You will know within a few moments of listening to Holly Miranda whether on not she is going to ring your musical bell. Having spent her youth in her native Brooklyn with punk band The Jealous Girlfriends Miranda has now branched out alone and picked up her neglected acoustic guitar to craft a modern folk sound imbued with melancholy. If that doesn’t perk your interest then take heed of the albums contributors, chiefly album producer Dave Sitek of TV On The Radio and fellow band member Kyp Malone making various vocal appearances.
With this blog straddling zeitgeist pedigree it is a shame then that Holly Miranda’s debut album does not have more substance to it. Like so many US indie acts at the moment Miranda makes music so laid back and wistful it struggles to engage or ignite any true feeling in the listener beyond a mix of tender relaxation bordering on apathy. That’s not to say Miranda isn’t talented nor that ‘TMPL’ isn’t worth pursuing. Sitek’s production is impressive throughout and shows a less seen side to his technique. His previous work with the likes of his own band, Yeah Yeah Yeah’s and the famously deserted sessions with Foals have pushed the Brooklyn don close to parody as he drowns yet another hipster act in reverb. On ‘TMPL’ however he takes a back seat, allowing Miranda’s brittle vocals to sway gently over a mix of strummed guitars, under stated brass sections and delicate beats. At no point does anything sound like it was recorded at the bottom of a canyon.
Having said that, to contextualise this record in amongst Dave Sitek’s previous work it would be holding hands and arousing indie boys with Scarlett Johansson’s ill advised debut solo album ‘Anywhere I Lay My Head‘. Individually tracks such as ‘Waves’ and ‘Sweet Dreams’ posses an innate beauty akin to the likes of Beach House and the Kyp Malone featuring ‘Slow Burn Treason’ is similar to Bon Iver and St Vincent’s sublime duet from the recent Twilight sound track. Grouped alongside one another however and Miranda’s songs are so delicate and ethereal that they melt into one another rendering this albums fourty five minutes a difficult occasion to remember. There are however moments where the pace quickens such as ‘High Tide’ and album opener ‘Forest Green Oh Forest Green’ which elevate the record completely. These relative highs give a spine on which the light and floaty core of the album can fly free. It is the middle section of the album that is the let down, so immersed in creating a mood it feels lost in an ambient atmosphere thus losing failing to register any actual feeling or emotion.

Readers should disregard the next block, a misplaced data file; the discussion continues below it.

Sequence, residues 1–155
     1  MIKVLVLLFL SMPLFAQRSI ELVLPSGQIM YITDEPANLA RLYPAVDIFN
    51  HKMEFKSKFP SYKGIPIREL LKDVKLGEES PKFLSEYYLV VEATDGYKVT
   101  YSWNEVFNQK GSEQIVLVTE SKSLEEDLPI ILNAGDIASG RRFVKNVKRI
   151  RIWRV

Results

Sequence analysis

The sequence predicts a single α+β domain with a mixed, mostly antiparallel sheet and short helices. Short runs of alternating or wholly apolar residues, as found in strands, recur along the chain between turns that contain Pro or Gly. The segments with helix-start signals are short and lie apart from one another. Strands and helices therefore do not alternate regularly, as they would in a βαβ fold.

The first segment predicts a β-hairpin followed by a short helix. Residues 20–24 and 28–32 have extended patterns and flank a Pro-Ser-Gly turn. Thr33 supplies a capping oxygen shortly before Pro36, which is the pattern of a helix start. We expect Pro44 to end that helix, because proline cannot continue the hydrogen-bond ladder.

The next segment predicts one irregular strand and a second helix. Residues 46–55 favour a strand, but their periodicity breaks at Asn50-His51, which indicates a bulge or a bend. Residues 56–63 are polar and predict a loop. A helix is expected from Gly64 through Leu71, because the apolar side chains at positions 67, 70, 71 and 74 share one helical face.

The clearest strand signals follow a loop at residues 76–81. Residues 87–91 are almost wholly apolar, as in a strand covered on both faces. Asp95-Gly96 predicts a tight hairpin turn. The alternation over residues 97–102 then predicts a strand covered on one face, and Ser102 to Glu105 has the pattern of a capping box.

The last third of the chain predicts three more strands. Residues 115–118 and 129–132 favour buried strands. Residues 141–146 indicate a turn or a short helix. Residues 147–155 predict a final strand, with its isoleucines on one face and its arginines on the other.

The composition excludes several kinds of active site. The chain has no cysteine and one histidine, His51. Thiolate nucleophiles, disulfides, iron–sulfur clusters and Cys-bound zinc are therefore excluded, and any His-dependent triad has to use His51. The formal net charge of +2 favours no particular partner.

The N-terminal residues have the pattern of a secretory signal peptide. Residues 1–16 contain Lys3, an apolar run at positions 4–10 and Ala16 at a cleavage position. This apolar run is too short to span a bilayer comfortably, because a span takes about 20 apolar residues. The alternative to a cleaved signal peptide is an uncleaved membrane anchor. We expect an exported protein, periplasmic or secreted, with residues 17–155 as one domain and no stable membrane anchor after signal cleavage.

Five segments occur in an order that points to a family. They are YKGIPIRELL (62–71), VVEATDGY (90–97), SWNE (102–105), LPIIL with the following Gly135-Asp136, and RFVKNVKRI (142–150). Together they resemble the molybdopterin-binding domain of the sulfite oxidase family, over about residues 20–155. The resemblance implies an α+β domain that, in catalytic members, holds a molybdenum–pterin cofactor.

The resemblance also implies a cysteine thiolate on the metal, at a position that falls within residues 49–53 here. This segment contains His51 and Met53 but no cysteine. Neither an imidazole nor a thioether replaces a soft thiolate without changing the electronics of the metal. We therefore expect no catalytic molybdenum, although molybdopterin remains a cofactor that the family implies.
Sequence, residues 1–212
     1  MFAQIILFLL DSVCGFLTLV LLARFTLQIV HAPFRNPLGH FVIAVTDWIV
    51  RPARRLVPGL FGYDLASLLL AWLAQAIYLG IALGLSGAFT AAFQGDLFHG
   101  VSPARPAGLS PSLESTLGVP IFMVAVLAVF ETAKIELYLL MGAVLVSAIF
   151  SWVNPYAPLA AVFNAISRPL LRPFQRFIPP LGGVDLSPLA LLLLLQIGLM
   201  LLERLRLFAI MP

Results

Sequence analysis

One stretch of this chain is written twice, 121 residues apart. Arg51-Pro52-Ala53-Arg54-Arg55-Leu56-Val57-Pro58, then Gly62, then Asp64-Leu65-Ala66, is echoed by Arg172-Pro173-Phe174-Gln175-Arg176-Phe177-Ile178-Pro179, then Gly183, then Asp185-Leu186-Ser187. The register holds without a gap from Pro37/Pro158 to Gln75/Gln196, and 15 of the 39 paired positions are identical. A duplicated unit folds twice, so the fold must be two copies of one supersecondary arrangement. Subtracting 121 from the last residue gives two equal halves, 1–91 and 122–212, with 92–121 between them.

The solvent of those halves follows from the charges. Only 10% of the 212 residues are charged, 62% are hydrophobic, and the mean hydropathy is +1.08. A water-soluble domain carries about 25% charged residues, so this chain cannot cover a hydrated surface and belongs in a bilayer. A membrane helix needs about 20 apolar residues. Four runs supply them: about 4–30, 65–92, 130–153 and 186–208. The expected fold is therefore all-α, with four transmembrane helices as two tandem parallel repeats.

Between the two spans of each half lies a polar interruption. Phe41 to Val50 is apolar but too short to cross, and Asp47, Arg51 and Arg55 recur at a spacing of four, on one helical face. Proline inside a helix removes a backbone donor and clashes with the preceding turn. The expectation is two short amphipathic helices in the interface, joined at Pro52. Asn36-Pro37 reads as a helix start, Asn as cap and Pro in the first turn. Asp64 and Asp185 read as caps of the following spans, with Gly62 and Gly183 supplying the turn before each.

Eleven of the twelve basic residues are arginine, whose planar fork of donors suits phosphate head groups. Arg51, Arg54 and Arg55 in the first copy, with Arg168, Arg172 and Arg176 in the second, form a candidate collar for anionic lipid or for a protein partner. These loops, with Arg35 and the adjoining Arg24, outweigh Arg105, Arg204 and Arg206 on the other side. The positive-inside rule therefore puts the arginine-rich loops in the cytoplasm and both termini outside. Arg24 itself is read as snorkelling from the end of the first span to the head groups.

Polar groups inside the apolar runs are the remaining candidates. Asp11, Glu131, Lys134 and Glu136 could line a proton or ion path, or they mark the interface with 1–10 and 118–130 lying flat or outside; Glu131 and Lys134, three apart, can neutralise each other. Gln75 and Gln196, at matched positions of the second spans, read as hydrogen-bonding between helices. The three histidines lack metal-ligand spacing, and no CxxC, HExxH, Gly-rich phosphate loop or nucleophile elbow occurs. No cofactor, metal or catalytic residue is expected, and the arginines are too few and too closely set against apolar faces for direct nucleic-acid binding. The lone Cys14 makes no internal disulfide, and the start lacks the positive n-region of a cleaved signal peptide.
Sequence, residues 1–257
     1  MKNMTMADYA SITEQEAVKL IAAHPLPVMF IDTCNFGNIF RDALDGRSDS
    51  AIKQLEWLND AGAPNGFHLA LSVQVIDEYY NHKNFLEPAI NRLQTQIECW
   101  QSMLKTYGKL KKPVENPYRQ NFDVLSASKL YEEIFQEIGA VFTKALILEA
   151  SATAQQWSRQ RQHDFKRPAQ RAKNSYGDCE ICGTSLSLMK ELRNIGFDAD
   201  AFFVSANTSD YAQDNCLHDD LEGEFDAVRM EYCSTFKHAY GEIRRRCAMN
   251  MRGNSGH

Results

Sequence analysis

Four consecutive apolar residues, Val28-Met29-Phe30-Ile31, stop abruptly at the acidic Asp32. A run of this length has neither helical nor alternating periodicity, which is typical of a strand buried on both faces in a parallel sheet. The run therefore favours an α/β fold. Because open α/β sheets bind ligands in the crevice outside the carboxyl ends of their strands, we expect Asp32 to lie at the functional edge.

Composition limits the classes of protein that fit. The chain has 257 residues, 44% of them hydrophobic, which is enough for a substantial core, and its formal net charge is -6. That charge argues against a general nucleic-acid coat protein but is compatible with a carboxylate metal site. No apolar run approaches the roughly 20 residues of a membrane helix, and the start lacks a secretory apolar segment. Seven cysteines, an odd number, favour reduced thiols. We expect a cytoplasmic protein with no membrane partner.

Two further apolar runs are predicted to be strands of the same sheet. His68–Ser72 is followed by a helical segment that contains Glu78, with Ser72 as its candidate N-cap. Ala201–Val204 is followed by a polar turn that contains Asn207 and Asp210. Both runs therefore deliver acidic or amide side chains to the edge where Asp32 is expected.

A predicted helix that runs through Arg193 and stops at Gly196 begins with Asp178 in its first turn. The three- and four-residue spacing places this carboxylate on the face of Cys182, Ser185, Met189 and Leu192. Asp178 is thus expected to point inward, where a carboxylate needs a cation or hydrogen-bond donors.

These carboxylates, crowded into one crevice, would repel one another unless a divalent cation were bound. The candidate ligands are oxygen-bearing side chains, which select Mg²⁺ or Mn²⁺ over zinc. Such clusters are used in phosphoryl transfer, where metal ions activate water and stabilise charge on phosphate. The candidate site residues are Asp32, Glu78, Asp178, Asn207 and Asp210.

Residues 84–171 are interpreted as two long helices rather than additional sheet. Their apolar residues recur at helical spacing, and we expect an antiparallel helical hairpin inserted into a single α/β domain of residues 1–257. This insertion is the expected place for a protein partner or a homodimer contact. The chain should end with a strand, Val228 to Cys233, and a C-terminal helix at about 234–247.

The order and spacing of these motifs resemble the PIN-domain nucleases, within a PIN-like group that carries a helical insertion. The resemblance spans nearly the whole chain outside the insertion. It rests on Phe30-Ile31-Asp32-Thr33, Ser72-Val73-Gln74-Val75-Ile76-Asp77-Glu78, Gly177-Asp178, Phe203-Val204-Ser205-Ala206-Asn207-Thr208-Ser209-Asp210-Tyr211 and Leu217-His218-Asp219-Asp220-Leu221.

Symptomatic of a trend running through indie music at the moment this album feels like the back ground music of a culturally aware dinner party. Holly Miranda makes nice music, sometimes really pretty but it doesn’t say anything real or move emotions to anywhere even nearing an extreme. As a result The Magicians Private Library fails to tick that most important box: evocative.
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